Mendelian genetic studies of immune disorders to identify novel targets for therapeutic intervention. J. McElwee1, X. Chen1, J. Lyons2, G. Sun2, X. Yu2, J. Milner2, Y. Liuv3, Z. Deng3, A. Almeida de Jesus3, R. Goldbach-Mansky3, Y. Zhang4, H. Matthews4, H. Su4, M. Lenardo4 1) Merck Research Laboratories, Department of Genetics & Pharmacogenomics (GpGx), Boston, MA; 2) Laboratory of Allergic Diseases, NIAID, NIH, Bethesda, MD; 3) Translational Autoinflammatory Disease Section, NIAMS, NIH, Bethesda, MD; 4) Laboratory of Immunology, NIAID, NIH, Bethesda, MD.

   Mendelian disorders that selectively affect the immune system provide a means to identify and understand new genes and pathways involved in human immunology which could represent new routes for therapeutic intervention for human disease. As part of a collaborative effort to identify novel therapeutic opportunities in immunobiology, Merck and the NIH Clinical Center have undertaken a focused study of Mendelian forms of primary immunodeficiencies, syndromic atopic disease, and severe auto-inflammatory conditions using next generation sequencing approaches. We have sequenced 711 exomes representing over 200 independent families exhibiting a range of suspected Mendelian immune diseases, including autoimmune lymphoproliferative syndrome, chronic active EBV infection, atopic disorders (such as familial tryptasemia, atopic dermatitis, or severe asthma), and diverse forms of primary immunodeficiencies or severe auto-inflammatory diseases. Analysis of these data using Mendelian filtering techniques, further supported by extensive molecular and cellular validation studies, has led to the successful identification of causal mutations in known and novel immune genes for over 25% of kindreds that have been analyzed to date. We will present highlights from the analysis of this unique cohort, including several newly-identified disease-causing genes. First we will describe a new form of immunodeficiency and atopic disease caused by loss-of-function mutations in the phosphoglucomutase-3 gene (PGM3). Affected individuals from 2 families exhibit severe atopy with marked serum IgE level increases, recurrent bacterial and viral infections, and neurocognitive impairment. The causal mutations in PGM3 affect an enzyme crucial in the generation of UDP-GlcNAc, pointing to an underappreciated role for glycosylation in the regulation of immune cell function. Next, we will describe a new auto-inflammatory disorder identified in 6 unrelated patients exhibiting severe skin vasculitis, chronic interstitial lung disease and systemic inflammation. Analysis of these families has identified de novo gain-of-function mutations in the ds-DNA sensor STING (encoded by TMEM173), a key adapter molecule that links innate nucleic acid sensing to IFN pathway activation. Finally, we will present an overview of our experience and success rate for Mendelian genetic studies within this cohort, and future plans for analysis and expansion of this collaborative discovery effort.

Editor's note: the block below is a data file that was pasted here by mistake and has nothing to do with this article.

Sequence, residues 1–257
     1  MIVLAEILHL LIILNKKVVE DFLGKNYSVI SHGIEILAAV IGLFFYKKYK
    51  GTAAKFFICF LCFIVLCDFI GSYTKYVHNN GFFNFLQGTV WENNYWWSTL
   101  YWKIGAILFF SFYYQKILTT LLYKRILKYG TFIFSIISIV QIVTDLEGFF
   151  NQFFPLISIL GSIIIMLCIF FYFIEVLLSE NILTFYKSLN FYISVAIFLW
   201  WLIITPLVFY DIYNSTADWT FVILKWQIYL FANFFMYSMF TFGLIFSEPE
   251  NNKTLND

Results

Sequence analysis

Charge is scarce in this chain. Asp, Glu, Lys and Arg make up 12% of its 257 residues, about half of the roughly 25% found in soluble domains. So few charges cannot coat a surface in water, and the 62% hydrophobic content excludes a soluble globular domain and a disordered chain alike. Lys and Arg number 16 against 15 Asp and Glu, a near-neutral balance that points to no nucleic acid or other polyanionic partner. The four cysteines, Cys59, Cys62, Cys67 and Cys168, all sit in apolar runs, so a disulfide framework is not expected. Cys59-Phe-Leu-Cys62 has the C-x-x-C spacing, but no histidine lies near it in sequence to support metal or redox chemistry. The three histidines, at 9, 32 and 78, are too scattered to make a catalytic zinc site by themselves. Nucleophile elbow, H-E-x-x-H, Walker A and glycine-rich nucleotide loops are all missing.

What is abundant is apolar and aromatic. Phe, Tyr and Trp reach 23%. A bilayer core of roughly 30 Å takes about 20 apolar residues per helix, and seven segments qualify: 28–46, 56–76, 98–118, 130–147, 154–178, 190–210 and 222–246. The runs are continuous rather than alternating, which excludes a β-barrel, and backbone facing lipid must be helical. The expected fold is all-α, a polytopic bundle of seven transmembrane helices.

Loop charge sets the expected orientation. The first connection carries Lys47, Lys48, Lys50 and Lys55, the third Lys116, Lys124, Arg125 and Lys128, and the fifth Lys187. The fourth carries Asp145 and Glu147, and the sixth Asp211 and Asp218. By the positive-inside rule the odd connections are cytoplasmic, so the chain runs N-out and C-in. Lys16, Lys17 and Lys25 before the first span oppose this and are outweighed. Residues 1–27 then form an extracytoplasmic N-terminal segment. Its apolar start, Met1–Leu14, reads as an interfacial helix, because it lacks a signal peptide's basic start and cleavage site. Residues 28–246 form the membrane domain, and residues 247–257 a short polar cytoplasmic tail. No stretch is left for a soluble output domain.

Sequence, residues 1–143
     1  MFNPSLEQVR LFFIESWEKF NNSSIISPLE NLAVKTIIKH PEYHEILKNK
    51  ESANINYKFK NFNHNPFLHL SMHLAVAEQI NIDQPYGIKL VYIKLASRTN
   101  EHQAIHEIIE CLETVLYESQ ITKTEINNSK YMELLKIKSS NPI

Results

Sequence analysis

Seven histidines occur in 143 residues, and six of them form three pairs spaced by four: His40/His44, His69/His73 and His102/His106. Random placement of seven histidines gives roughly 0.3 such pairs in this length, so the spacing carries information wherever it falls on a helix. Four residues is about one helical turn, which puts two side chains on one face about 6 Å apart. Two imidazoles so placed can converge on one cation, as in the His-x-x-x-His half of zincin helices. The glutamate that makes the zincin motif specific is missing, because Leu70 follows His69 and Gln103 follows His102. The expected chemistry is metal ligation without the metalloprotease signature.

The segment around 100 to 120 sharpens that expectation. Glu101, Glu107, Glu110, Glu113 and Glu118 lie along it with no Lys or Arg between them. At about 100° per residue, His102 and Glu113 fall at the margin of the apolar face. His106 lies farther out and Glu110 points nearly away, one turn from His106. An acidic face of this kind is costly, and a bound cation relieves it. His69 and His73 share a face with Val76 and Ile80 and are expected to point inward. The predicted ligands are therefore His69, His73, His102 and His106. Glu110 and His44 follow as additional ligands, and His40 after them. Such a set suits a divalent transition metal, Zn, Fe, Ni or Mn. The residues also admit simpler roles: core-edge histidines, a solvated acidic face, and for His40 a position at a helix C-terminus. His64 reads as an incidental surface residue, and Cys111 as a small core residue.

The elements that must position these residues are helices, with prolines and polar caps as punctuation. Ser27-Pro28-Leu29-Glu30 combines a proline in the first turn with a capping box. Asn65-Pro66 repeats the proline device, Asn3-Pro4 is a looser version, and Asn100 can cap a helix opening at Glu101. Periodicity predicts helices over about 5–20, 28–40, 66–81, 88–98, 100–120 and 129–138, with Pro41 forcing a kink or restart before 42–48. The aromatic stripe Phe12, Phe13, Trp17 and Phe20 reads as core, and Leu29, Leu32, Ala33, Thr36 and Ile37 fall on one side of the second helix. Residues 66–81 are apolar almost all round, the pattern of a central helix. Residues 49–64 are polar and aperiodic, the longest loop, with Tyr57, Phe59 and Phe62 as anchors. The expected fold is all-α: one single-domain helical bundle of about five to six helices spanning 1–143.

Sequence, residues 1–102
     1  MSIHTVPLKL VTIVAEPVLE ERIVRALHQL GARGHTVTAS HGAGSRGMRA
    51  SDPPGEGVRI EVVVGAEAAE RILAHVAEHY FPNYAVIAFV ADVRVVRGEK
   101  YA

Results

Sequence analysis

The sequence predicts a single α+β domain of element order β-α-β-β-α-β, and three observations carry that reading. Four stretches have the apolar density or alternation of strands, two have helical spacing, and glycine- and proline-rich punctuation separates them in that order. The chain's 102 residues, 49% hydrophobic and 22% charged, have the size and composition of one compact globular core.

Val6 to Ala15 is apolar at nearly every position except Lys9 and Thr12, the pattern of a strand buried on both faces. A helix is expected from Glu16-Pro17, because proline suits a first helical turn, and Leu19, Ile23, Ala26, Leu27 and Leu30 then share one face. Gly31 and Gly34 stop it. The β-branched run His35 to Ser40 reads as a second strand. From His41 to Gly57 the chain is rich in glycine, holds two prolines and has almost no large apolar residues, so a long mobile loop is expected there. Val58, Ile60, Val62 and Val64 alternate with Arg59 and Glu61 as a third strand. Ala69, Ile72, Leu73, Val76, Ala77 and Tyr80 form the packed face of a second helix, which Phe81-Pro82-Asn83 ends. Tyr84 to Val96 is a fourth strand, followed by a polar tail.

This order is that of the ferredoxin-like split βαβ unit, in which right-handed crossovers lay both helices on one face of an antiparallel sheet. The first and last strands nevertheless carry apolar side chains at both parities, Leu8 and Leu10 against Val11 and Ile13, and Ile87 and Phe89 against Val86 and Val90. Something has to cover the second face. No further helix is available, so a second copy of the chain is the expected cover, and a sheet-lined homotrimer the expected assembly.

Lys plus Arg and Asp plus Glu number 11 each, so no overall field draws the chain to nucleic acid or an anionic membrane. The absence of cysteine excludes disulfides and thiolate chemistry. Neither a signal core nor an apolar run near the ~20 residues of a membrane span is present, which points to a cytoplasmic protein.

You may contact the first author (during and after the meeting) at